The song “Have you ever seen the Rain” by CCR rings in my head as I write this. Most of you reading this probably come from a temperate climate where rain or snow falls year-round, albeit heavy at certain times in spring or winter.
To illustrate what it’s like here in El Salvador, which is essentially “black or white” in terms of rainfall (6 months on, 6 months off), I quote from a diary entry written this time a year ago.
It hasn’t rained here, literally one drop, in months (last rain was an evening in November), and though the river is much lower, there’s still enough to swim in, bathe in, or wash clothes, so we are lucky. Our river is the Metayate river, and at least two upstream water sources flow into it. Further up the road, in Agua Caliente, only one source feeds their ‘river’ which has now dwindled into a trickling brook, algae forming in shallow pockets everywhere.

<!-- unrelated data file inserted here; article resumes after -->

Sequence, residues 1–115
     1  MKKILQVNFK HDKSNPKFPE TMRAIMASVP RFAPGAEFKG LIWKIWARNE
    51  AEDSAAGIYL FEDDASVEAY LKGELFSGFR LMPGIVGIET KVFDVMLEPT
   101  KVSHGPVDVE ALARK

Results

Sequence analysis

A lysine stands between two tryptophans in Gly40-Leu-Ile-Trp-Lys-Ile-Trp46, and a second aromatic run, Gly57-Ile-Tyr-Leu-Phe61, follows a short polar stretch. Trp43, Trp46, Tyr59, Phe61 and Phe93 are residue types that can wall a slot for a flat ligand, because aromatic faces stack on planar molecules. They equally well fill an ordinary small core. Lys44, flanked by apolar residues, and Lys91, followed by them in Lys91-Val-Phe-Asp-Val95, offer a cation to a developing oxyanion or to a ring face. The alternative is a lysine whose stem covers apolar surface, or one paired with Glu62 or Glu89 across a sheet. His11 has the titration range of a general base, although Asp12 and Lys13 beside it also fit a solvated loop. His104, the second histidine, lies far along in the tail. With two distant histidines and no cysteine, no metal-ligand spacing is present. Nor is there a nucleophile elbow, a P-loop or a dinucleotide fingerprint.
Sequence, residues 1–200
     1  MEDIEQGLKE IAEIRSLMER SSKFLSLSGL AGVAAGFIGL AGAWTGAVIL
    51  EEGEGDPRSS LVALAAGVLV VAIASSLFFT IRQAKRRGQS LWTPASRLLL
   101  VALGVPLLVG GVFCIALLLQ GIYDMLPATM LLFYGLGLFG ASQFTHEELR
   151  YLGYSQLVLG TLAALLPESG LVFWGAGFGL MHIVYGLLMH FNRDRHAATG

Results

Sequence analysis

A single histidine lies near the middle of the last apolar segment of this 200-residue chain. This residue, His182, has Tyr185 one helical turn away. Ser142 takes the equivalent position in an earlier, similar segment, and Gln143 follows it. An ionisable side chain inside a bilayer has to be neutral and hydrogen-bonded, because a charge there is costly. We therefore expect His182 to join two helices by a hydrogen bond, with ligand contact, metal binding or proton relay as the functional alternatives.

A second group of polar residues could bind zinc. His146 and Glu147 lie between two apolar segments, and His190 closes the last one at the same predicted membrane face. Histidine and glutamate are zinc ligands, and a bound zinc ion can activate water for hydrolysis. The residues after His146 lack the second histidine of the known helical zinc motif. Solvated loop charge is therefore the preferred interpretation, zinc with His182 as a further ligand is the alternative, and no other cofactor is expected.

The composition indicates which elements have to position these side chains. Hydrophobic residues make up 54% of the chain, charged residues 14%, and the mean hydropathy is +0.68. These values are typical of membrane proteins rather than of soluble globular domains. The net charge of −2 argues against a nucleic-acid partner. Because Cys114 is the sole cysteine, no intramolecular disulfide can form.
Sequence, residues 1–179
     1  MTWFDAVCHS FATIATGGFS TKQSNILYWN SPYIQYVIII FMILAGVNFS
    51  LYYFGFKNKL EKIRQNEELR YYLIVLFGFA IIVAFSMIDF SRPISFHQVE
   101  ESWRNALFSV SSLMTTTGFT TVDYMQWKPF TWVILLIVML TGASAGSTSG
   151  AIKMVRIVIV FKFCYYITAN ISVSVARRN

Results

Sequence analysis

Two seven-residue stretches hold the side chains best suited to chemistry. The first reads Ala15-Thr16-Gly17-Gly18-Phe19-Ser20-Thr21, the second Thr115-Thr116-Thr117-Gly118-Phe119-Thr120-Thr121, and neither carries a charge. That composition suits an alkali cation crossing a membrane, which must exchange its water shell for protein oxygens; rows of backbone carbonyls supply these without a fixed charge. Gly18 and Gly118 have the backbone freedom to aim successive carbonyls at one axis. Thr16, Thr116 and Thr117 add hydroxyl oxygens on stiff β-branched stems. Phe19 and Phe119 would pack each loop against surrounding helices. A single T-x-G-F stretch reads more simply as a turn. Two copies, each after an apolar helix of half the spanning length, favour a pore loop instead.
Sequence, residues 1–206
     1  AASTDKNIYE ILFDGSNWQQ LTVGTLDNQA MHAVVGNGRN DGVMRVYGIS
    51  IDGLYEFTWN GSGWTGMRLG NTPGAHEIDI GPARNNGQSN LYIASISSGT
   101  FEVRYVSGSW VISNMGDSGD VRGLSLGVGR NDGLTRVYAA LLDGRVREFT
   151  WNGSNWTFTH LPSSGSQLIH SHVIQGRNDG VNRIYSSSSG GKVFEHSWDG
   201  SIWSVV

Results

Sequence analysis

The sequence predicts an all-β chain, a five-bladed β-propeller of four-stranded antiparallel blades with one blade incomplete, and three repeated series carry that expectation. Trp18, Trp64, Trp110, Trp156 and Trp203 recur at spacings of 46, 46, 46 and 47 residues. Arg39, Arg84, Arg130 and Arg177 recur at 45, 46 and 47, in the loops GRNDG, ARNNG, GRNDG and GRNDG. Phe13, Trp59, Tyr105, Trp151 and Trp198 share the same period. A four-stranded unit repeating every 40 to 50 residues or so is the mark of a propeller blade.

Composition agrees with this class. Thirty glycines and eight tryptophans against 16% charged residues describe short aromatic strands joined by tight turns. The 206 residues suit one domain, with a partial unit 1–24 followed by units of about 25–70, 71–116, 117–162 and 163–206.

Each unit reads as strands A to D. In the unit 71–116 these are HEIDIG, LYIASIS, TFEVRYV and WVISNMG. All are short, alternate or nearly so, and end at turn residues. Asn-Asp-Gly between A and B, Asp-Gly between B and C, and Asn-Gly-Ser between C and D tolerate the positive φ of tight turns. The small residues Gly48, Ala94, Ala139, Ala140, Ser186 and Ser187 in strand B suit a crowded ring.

Because the water in our river is moving so slowly, a strange juxtaposition of temperatures within create odd sensations. While swimming, in one moment you are moving through a layer of very warm water within the top 2 feet, but moving below this or towards the periphery, one encounters a sudden ‘cold flash’. The water has cooled at night by a large drop in temperature, and as the current is not moving enough new water, nor swiftly enough, those patches stay cool even after mid-day. – Saturday, March 13, 2010
For someone not accustomed to living in a country with a “rainy season” or a “dry season,” not seeing a drop of water fall from the sky for months on end feels most peculiar.